No one understood this reality more clearly than Bonnie Booman, who devoted her energies to nurturing the web of relationships in which she lived. “If we could look into the jewel that was Bonnie,” DeMott remarked in her eulogy, “we would see the reflections of all your faces, because she believed that it is you who made her who she was.” In our contemporary, self-aggrandizing culture, such a belief is no longer widely held, nor does it govern our national life, but its very rarity makes it all the more valuable. Embodied vividly in the figure of Indra’s Net, it defined the life of Bonnie Booman, and it also comports with the way things actually are.

The Reverend Laurie DeMott is Minister of the Union University Church in Alfred, New York and Interfaith Advisor at Alfred University.

“[I]t is used to illustrate . . .”: Thich Nhat Hanh, Cultivating the Mind of Love (Parallax, 1996), 81.

Stephen Mitchell has described: Stephen Mitchell, ed., The Enlightened Mind (Harper, 1991), 41.

And, as Francis Cook observes: Francis H. Cook, Hua-Yen Buddhism: The Jewel Net of Indra (Pennsylvania State University Press, 1977), 3.

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“I’m on fire!” exclaimed the tall young man shooting hoops in the gym.

It was a winter afternoon. He and I and a student monitor were the only occupants of the Joyce and Walton Family Center for Health and Wellness, a spacious facility at Alfred University. He was single-mindedly honing his skills, and I was walking at a relaxed, moderate pace around the courts. Hearing his words, I looked over in his direction, nodded, and went on my way. Moments later, I heard the pleasing swish of the ball dropping through the hoop. And then another, and another.

Not long afterward, as I was completing another round, I watched the ball make a high, graceful arc and drop cleanly through the basket, not touching the rim. This time I raised a thumb. Seeing me, he called out, “We’re a team!”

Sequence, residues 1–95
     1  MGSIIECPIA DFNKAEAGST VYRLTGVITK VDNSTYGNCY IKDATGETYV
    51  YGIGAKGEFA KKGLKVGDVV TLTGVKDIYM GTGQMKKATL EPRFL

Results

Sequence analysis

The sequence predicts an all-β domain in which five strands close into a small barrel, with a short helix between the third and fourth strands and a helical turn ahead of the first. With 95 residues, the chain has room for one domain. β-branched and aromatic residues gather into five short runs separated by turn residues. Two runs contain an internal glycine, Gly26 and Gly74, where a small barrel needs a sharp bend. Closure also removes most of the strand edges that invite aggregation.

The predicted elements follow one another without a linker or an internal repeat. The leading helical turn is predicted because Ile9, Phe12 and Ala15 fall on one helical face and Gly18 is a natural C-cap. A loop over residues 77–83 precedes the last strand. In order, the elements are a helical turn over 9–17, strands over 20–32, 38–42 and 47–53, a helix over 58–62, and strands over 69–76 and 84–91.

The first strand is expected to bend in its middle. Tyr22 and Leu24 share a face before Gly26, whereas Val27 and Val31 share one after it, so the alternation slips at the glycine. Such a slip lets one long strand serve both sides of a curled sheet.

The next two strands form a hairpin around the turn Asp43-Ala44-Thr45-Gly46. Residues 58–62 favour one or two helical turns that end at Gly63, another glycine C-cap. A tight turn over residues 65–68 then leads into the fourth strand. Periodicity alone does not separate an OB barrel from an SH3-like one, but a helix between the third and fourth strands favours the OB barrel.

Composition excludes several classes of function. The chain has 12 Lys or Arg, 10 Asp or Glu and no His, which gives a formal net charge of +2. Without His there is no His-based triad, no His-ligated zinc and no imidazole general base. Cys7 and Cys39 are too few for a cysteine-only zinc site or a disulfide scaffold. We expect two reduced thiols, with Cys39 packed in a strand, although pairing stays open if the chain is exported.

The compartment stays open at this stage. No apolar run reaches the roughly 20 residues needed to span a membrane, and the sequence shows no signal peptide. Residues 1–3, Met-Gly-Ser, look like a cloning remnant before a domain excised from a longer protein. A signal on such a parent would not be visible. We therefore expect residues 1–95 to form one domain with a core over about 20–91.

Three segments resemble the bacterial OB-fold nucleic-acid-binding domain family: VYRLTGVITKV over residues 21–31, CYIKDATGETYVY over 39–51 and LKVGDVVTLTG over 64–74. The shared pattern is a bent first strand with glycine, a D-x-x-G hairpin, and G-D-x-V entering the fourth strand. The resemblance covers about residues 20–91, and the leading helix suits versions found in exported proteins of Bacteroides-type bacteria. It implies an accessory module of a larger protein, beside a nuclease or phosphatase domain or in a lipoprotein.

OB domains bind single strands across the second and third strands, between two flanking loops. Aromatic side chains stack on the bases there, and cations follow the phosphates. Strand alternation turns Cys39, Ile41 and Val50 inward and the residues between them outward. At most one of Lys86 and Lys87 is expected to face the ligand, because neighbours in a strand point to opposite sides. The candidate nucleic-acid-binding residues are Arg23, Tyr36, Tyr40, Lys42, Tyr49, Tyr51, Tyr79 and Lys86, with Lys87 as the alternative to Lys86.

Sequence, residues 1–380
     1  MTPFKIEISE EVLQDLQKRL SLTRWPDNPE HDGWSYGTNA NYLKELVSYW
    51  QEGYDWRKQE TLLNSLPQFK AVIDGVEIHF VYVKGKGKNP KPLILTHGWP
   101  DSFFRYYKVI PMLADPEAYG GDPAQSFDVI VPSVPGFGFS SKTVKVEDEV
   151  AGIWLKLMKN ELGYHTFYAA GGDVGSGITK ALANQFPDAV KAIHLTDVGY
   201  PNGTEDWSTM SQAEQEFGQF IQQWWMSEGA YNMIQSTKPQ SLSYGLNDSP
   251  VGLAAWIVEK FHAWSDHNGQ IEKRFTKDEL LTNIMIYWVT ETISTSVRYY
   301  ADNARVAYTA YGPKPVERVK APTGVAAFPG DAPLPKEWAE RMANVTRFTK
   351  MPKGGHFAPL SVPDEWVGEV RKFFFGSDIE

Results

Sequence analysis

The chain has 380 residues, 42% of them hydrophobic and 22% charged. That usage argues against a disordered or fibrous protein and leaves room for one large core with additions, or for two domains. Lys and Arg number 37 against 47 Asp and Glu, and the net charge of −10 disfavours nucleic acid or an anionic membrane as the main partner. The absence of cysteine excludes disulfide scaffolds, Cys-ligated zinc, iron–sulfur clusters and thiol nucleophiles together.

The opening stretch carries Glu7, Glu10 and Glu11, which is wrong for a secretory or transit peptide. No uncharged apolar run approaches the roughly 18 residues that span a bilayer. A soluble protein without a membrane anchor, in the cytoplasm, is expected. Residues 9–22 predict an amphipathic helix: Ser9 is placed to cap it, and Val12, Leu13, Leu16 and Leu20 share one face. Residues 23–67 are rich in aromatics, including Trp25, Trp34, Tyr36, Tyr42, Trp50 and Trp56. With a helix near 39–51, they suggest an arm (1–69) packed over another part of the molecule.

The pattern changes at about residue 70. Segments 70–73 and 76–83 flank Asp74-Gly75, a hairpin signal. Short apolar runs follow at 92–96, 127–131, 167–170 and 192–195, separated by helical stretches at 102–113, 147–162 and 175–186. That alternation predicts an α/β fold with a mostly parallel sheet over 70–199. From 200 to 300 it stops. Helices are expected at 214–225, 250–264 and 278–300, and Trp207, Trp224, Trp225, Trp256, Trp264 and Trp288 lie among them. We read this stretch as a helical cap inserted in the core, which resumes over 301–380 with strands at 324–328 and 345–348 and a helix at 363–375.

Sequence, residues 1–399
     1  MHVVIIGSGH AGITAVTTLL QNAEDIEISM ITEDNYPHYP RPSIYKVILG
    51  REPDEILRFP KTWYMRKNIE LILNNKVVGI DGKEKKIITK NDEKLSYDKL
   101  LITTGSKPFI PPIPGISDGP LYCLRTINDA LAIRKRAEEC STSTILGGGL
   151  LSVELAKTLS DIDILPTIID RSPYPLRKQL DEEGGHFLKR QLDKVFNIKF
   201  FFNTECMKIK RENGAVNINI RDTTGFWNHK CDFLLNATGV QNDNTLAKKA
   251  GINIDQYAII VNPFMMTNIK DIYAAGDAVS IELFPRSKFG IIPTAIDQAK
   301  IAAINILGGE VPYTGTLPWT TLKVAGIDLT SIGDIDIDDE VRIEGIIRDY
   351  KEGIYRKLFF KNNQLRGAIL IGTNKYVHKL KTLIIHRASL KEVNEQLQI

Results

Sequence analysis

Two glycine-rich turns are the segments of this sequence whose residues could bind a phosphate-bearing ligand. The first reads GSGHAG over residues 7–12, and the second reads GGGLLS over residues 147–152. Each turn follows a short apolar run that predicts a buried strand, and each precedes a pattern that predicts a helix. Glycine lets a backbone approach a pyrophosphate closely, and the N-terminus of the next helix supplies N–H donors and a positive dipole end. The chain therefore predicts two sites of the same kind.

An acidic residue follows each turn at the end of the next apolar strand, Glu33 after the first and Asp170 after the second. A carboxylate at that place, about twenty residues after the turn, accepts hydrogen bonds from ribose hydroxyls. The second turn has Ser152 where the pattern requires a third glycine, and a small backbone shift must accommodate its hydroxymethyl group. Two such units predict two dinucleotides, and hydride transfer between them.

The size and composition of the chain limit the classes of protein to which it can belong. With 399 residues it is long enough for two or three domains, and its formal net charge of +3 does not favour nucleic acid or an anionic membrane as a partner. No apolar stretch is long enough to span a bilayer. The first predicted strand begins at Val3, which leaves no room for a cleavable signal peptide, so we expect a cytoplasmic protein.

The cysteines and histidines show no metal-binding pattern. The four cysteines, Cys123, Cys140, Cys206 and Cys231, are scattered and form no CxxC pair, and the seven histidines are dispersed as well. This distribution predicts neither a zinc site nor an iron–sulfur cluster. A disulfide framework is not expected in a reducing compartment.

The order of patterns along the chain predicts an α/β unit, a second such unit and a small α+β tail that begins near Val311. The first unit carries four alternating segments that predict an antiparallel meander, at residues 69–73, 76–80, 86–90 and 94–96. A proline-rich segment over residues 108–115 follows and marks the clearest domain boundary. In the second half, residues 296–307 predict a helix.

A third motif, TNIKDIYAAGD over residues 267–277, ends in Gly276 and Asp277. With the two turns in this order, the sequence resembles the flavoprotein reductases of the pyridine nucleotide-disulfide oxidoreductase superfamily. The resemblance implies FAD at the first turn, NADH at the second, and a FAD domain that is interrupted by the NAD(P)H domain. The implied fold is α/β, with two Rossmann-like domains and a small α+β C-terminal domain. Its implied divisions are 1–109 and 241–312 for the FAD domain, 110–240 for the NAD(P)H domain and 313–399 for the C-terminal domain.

Coming around a third time, I watched my newly acquired teammate making shot after shot, not missing a beat. Once again I nodded, and his face broke into a smile. “You stay right there!” he called out good-naturedly, pointing to where I was walking, as if my presence were the secret of his continuing success. (more…)

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“Everything we have is disposable,” lamented Brian Milo, a former autoworker at the G.M. plant in Lordstown, Ohio, in an interview with Sabrina Tavernese of the New York Times (July 5, 2019). “Everything is made cheap and disposable. And I think that trickles down into our daily lives. I mean, you see marriage success rates are down. Things are disposable, even on a human level. I mean, I’m an employee, I’m disposable.” Milo lost his livelihood when sales of the Chevrolet Cruze, the principal product of the Lordstown plant, fell precipitously, and G.M. eliminated 5,000 jobs. Adding insult to financial injury, the company notified its workers of their termination through impersonal, unsigned letters. Milo had been a loyal employee for ten years. What caused him to feel disposable was not only G.M.’s decision but the manner in which it was handled. Conspicuously absent was a quality essential to harmonious human relations. (more…)

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Charlotte Joko Beck

In the popular imagination, Zen practice consists of sitting cross-legged, preferably on a mountain or within the confines of a monastery, in a state of perfect calm. His hands positioned in the “cosmic mudra” and a beatific smile on his face, the Zen Buddhist practitioner sits at a comfortable remove from the petty conflicts and mundane concerns of ordinary life. In a word, he is detached. He has transcended the human fray.

This stereotypical image of Buddhist practice has widespread currency, even among the intellectual elite. A recent manifestation may be found in the Swedish philosopher Martin Hägglund’s book This Life: Secular Life and Spiritual Freedom (Pantheon, 2019), where the author defines the general aim of Buddhism as “a detachment from everything that is finite.” Reviewing this book in The New Yorker (May 13, 2019), staff writer James Wood endorses Hägglund’s view, alluding vaguely to “those doctrinal aspects of Buddhism which insist on detachment.” “Everything that is finite,” one might note, is a very large category. Not only does it include buildings and boulevards, mountains and rivers, rocks and trees. It also includes one’s family, friends, and loved ones generally. Why on earth would anyone wish to be so detached? If that is what Zen is about, one might conclude, so much the worse for Zen. (more…)